Hephaestia

Who you’ll meet:

Hephaestia was originally established as the capital of the Pelasgians on the island of Lemnos in 1000 BCE[1]. Hephaestian pottery has been found all throughout ancient Greece and its neighboring countries so there was a large population of artists located in the city. The city was also the home of the cult of Hephaestus. The individuals in this cult were known as Hephaestians. They made their main cult site Hephaestia because “Lemnos, the pleasant-sited town, which he [Hephaistos] loved more than any place on earth.”[2], basically lemnos was the favorite island of Hephaestus.

The God Hephaestus
Photo Credit: http://bestmyth.com/tag/hephaestus

How you will get there:

Being on an island the only way to get to Hephaestia was by boat. It was much further away from the mainland compared to other Greek islands. The most functional port located on the island of Lemnos at the time was located where modern day Myrina is. The port was located on the eastern side of Lemnos. After reaching the port one would take an ox-cart or walk the rest of the way.

Why you would go:

Acting as the headquarters for the cult of Hephaestus there were a number of people that went to Hephaestia for their final initiation rites. Hephaestia was also the economic center of the island of Lemnos leading those that lived on the island to travel there for economic reasons. It was also a source of incredibly well-crafted goods that acted to pull in a large number of traveling merchants.  According to myth the forge of Hephaestus was located in or near the city of Hephaestia, gods and heroes that required the best equipment would travel here to ask Hephaestus for his assistance in acquiring this equipment. Most notably was Heracles, who received a shield from Hephaestus that was imbued with many powers, it was so incredible that an entire book was written about it[3].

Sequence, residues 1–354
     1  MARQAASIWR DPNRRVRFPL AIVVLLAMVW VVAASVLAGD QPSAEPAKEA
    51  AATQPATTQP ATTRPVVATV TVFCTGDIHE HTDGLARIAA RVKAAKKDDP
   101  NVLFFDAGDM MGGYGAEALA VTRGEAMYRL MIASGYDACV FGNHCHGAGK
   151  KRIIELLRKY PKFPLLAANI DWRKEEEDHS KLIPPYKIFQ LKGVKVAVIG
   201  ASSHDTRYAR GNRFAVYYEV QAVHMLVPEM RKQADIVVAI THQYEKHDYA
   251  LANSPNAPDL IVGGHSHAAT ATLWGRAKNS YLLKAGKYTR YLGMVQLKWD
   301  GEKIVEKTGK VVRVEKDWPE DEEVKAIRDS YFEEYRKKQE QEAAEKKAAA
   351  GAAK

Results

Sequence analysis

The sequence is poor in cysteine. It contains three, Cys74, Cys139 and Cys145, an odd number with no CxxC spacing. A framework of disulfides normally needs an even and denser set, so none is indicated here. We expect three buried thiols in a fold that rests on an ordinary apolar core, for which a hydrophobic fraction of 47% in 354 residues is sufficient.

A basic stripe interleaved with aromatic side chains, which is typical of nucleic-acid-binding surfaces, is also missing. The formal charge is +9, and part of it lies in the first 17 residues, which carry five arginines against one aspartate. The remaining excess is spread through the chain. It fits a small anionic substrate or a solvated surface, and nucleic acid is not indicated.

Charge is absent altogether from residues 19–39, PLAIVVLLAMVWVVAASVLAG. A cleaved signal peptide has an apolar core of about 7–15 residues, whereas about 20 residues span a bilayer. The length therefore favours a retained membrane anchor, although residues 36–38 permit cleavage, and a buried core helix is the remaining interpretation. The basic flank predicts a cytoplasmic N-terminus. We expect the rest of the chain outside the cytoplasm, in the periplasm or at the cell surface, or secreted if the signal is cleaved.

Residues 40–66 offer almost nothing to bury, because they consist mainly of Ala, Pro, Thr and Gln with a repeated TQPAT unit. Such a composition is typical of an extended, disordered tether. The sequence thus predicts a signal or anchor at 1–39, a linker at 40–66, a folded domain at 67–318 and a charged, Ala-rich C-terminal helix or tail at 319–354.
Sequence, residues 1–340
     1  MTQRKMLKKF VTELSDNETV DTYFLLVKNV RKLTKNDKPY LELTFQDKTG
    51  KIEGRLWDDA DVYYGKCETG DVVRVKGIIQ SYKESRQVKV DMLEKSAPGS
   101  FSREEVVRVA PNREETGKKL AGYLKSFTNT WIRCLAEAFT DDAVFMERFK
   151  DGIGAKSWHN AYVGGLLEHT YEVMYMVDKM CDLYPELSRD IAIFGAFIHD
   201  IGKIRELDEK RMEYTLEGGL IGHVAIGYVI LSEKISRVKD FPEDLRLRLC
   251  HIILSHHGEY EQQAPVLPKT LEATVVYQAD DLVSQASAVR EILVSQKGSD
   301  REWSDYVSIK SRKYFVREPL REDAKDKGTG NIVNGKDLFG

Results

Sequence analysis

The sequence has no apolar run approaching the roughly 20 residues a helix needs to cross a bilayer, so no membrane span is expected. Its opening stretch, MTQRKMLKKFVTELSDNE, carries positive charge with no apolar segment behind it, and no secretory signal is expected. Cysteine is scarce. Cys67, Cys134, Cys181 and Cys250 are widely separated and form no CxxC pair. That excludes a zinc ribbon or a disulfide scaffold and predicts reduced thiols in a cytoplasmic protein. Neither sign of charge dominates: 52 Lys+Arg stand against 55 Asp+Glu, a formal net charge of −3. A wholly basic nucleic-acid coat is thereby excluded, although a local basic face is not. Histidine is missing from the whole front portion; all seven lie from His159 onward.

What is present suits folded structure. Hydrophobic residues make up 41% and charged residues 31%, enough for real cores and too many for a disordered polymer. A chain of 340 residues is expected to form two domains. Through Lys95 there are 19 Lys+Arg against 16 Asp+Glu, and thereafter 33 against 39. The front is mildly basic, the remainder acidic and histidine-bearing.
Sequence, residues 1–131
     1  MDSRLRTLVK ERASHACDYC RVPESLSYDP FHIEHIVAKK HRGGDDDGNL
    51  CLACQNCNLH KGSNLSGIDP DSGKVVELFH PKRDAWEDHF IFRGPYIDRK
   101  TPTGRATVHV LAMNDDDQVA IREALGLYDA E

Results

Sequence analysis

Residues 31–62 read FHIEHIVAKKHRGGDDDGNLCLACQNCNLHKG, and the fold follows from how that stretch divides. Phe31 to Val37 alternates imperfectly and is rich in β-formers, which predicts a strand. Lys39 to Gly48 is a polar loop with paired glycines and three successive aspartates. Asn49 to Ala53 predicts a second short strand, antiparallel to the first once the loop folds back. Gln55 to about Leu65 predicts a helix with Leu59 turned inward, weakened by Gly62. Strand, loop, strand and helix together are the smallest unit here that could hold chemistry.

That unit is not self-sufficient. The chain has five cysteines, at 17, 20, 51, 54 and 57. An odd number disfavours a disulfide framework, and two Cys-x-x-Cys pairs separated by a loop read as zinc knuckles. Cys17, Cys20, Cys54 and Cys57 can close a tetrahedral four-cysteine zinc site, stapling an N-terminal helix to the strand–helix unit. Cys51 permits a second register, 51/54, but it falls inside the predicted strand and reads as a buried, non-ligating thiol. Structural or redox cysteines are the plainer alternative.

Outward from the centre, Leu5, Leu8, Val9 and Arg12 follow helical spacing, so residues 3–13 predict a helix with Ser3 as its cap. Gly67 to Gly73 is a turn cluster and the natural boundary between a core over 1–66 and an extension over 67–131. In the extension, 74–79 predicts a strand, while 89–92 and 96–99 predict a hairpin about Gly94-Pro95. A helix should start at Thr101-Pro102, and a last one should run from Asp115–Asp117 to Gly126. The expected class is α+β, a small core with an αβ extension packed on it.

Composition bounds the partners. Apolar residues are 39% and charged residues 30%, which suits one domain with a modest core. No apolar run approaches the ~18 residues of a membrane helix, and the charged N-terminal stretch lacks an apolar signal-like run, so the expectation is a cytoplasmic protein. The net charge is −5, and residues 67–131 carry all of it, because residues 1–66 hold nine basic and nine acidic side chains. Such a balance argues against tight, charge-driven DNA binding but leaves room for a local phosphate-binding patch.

What was Hephaestia like?

Depending on the time of year Hephaestia could be like any other town or alive with the festival to Hephaestus. During the festival “The whole city [of Lemnos] was alive with dance and banquet. The scent of burnt-offerings filled the air; and of all the immortals, it was Hera’s glorious son Hephaistos and Kypris [Aphrodite] herself whom their songs and sacrifices were designed to please.”[4] The city was also home to a number of various craftsmen from iron workers to pottery makers there was always a plethora of things that somebody could buy. Archeological evidence shows that the city had been rebuilt as many as 10 times. The city also has the remains of a large roman era theater[5] which leads me to believe that there was a large audience for the theatrical arts.

Sources Hephaestia:

Apollonius Rhodius, Argonautica 1. 857 ff (trans. Rieu) (Greek epic C3rd B.C.)

Homer, Odyssey 8. 267 ff (trans. Shewring) (Greek epic C8th B.C.)

Τρουβάς, Χάρης. “Hephaestia Lemnos – Aegean Sea – GREECE.” Hephaestia Lemnos – Aegean Sea – GREECE. Mylemnos.gr, 2007. Web. 15 Apr. 2013.

White, Evelyn. “The Shield of Heracles.” Hesiod’s Shield of Heracles, Translated by Evelyn-White. About.com, 2000. Web. 12 Apr. 2013.


[1] Τρουβάς, Χάρης. “Hephaestia Lemnos – Aegean Sea – GREECE.” Hephaestia Lemnos – Aegean Sea – GREECE. Mylemnos.gr, 2007. Web. 15 Apr. 2013.

[2] Homer, Odyssey 8. 267 ff (trans. Shewring) (Greek epic C8th B.C.)

[4] Apollonius Rhodius, Argonautica 1. 857 ff (trans. Rieu) (Greek epic C3rd B.C.)

[5] Τρουβάς, Χάρης. “Hephaestia Lemnos – Aegean Sea – GREECE.” Hephaestia Lemnos – Aegean Sea – GREECE. Mylemnos.gr, 2007. Web. 15 Apr. 2013.


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